I know there is a ton of info out there and a lot of people feel :so what: when it comes to things like this, but if you’re my client, my friend, I will never ever put you in harms way.

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Star burst street lamp

At Christmas time, I showed you how to create a star-burst effect with your tree lights. The neighborhood I live in is lined with street lamps and every night I want to photograph them! If you’re in Northeastern Ohio, you know it’s been *really* cold. Really cold + expensive electronics = OH NOZ!

A few nights ago, I got sick of waiting out winter and decided to set up my tripod, camera and remote shutter right in my foyer and shoot through my storm door. I can see two lamps really well, but this spring/ summer, I’m going to head out on to the sidewalk and get more of the neighborhood 🙂

Look how cool these star-bursts are!

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Super love that. Have you tried to create any star bursts? If you need directions, you can find them HERE 😀

Photography how to: create star bursts

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    Oooooh, bright shiny lights. I love how the tree is glowing and the lights are bursting, don’t you? I’m going to talk you through how you can take a picture of your family’s tree (if you have one). You will need a basic understanding of photography, you’ll need to understand shutter speed, but that’s not super hard 😀
    You’ll need:
  • tripod or something sturdy to set your camera on
  • camera with timer and manual settings
  • pretty lights to photograph (I have a crap load of lights on my tree and still want MORE! ahaha)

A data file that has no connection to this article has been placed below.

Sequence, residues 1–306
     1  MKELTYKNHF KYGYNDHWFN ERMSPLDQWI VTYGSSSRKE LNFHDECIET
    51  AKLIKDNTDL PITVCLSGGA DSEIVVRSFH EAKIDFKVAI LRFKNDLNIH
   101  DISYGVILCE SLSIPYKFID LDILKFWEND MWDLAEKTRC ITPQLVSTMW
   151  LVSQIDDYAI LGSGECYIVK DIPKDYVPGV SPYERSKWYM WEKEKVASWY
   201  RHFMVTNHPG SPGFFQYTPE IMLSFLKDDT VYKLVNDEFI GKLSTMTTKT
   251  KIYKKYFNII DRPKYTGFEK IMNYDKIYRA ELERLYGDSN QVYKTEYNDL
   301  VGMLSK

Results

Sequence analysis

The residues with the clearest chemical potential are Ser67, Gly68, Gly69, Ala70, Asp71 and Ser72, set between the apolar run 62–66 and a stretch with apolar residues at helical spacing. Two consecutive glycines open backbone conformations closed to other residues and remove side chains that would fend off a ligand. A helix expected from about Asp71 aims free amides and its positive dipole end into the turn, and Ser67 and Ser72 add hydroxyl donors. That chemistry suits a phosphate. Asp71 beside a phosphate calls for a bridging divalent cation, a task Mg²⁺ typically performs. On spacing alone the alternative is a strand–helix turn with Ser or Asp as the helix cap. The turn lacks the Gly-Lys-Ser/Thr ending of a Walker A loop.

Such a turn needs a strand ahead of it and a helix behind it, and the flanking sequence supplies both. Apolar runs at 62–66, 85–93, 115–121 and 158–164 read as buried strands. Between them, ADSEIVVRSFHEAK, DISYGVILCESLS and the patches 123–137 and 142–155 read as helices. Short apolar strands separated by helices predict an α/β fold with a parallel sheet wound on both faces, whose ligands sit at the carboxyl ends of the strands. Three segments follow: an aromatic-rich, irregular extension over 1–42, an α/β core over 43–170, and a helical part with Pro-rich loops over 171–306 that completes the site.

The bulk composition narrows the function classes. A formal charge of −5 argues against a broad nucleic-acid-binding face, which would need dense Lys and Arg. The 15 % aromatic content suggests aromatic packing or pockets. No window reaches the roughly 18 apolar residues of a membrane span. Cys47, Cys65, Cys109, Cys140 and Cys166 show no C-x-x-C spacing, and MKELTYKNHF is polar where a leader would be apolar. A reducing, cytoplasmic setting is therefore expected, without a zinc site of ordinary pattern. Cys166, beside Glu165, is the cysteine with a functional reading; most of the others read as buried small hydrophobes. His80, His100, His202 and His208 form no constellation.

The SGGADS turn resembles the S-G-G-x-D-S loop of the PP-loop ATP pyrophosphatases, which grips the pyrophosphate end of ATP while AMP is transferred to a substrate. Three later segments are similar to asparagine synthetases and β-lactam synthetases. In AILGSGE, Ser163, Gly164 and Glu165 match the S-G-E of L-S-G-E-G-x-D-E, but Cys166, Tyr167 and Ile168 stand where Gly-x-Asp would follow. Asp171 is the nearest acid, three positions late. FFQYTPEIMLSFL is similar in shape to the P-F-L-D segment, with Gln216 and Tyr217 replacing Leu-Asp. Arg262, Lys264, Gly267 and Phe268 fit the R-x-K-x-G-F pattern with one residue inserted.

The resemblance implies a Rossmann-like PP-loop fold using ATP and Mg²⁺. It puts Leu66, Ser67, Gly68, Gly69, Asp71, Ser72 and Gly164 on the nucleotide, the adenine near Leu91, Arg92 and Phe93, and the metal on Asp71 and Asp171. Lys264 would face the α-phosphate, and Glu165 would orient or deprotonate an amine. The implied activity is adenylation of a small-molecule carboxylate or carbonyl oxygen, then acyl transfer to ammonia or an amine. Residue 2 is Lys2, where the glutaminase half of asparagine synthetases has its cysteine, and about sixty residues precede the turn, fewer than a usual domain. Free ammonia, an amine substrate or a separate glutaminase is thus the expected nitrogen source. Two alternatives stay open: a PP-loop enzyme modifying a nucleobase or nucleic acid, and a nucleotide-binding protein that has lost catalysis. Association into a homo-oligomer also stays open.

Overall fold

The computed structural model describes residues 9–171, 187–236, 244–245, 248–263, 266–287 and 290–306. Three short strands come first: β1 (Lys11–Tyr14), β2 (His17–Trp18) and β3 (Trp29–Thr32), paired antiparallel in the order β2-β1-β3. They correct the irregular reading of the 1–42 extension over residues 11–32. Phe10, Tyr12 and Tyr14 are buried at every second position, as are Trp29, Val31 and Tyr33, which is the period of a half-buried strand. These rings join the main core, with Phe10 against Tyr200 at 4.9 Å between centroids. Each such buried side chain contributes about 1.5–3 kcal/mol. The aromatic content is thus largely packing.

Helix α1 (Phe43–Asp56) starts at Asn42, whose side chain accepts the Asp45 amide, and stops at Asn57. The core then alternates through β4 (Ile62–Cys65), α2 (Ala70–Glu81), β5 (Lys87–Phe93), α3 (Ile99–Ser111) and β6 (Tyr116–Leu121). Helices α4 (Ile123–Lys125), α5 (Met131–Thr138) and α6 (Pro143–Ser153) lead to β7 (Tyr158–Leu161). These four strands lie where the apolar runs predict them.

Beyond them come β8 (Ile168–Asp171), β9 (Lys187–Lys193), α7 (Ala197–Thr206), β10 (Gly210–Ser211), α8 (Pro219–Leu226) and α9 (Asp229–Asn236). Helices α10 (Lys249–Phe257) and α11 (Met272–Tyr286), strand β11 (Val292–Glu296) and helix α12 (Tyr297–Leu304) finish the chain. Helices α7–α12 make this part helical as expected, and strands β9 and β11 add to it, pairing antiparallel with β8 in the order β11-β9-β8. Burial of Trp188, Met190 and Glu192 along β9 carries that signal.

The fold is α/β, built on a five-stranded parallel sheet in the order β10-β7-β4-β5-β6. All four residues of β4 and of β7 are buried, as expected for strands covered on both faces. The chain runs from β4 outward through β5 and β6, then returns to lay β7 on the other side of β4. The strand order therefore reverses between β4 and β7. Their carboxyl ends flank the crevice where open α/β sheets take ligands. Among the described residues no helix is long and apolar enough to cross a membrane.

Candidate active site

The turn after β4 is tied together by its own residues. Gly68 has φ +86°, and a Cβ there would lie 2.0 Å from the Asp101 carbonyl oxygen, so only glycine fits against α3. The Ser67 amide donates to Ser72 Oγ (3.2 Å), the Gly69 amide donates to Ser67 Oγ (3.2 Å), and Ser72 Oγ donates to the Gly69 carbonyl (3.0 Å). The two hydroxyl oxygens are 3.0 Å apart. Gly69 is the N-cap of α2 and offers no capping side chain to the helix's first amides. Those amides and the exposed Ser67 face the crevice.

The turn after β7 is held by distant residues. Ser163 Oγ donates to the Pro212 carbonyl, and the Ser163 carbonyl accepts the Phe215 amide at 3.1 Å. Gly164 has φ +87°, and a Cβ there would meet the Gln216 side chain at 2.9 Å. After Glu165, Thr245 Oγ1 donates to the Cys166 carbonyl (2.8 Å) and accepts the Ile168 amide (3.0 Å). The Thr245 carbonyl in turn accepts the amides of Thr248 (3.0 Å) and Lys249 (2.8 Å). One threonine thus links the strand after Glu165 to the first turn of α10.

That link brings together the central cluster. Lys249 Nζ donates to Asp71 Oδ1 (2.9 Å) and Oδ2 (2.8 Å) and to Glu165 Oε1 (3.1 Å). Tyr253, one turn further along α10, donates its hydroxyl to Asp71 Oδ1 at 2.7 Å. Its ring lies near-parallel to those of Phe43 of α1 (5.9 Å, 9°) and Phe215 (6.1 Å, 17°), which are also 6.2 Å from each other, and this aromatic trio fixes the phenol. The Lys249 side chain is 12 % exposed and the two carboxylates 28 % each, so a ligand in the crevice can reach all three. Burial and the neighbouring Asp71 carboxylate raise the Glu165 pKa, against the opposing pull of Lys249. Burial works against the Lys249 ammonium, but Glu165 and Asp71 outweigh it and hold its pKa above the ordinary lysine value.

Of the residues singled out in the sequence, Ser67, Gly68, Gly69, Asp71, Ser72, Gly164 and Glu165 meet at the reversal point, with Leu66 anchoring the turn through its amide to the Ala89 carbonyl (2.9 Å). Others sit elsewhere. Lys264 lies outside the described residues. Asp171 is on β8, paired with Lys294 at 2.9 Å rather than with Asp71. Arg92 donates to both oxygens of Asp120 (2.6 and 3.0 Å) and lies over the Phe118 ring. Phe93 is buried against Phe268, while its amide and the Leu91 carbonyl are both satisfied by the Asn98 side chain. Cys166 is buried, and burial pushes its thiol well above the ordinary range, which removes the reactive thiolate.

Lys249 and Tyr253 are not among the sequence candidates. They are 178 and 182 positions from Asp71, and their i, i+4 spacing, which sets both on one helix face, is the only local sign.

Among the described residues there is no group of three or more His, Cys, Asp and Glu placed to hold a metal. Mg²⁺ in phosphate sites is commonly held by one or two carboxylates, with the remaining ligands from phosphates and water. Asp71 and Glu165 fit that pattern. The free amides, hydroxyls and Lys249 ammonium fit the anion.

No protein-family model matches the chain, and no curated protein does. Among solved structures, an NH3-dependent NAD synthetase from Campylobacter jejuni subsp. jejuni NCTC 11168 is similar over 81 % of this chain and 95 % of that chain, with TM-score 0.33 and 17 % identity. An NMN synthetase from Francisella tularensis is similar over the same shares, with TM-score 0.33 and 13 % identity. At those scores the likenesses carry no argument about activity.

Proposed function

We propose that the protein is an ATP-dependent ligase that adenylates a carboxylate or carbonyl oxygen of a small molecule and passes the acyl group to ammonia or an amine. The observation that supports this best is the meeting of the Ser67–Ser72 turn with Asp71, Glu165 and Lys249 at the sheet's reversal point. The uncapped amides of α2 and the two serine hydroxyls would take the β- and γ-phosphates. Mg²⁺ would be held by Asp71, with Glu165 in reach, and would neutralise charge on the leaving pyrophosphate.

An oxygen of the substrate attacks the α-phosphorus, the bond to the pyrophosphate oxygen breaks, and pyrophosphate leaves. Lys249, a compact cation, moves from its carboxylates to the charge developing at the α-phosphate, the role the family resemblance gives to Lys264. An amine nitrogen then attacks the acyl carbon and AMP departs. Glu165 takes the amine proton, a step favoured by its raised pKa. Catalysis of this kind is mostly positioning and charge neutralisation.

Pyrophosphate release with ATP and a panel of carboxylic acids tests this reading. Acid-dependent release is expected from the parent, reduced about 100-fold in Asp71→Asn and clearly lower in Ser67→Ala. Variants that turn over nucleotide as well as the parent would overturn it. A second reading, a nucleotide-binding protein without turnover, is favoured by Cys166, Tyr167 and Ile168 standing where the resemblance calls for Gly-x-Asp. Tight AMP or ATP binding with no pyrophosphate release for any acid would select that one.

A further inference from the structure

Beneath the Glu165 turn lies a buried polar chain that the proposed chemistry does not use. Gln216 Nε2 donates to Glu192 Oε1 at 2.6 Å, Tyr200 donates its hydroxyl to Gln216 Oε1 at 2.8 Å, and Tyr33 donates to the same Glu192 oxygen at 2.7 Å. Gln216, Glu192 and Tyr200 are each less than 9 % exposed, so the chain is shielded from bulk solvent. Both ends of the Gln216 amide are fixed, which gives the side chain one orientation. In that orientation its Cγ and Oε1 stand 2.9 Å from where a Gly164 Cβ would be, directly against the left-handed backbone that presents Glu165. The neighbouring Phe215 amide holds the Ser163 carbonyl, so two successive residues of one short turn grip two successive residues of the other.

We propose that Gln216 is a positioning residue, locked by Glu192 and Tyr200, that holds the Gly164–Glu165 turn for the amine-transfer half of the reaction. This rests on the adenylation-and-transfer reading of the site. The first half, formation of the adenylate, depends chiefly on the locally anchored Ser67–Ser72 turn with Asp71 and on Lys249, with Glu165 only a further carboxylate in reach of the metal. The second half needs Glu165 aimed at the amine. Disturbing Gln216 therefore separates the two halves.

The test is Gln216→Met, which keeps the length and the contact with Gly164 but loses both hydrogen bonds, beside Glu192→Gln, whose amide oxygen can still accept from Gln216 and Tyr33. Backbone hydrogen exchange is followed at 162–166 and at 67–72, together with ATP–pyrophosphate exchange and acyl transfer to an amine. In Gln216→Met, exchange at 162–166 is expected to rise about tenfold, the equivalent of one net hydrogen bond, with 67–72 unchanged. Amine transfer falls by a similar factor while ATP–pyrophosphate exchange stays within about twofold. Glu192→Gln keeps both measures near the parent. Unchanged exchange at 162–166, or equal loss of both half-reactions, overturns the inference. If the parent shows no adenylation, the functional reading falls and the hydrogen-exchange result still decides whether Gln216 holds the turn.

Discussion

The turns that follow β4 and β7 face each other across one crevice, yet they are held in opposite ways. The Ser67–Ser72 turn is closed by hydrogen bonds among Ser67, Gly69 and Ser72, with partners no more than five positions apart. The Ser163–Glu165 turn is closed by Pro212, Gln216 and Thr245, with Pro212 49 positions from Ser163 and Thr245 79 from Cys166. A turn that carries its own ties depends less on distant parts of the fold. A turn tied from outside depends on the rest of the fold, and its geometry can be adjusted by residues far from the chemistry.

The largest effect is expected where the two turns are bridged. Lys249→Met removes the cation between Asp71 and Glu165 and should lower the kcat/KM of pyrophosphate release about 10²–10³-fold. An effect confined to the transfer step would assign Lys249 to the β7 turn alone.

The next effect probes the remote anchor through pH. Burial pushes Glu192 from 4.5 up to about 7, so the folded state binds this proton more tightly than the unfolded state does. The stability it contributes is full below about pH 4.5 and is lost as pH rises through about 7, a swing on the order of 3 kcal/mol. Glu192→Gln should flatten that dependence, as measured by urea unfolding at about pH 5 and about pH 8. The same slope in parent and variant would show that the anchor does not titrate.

• an dark night… ooh

You might want:

        • a remote shutter release

So, first things first- turn off all the lights. Light is the number 1, most important thing you need when taking pictures, and in this case, you need to eliminate all outside light because you want the only light source to be your tree.

You’re going to set your shutter speed to a really, slow, really long which is why you need something sturdy to set your camera on. Any tiny movement will RUIN THE SHOT FOREVER! Well, ok, it’ll just ruin that one shot but you’ll have to reshoot and if you’re a perfectionist, that’ll drive you crazy. My shutter speed on the above was 13 seconds– the shutter was left open for 13 full seconds allowing all the twinkly light to enter. I had my ISO turned as low as I could, which is 100. Your ISO setting tells your camera how much available light there is- a low number means there’s lots of light and the camera doesn’t need to compensate for that. A high number means there’s very little light. Logically, you’d want to set your ISO to a higher number since there is very little light- BUT in this case we are going to make up for the low light with a slooooooooow shutter speed.

I closed down my aperture to F-11; there’s a long explanation about the blades in your lens and angles, so you can read up on the specifics and I encourage you to but I’m not going to get into it all. You’re going to want to be stopped down to at least F-11, the further down you’re closed the more dramatic your burst will be.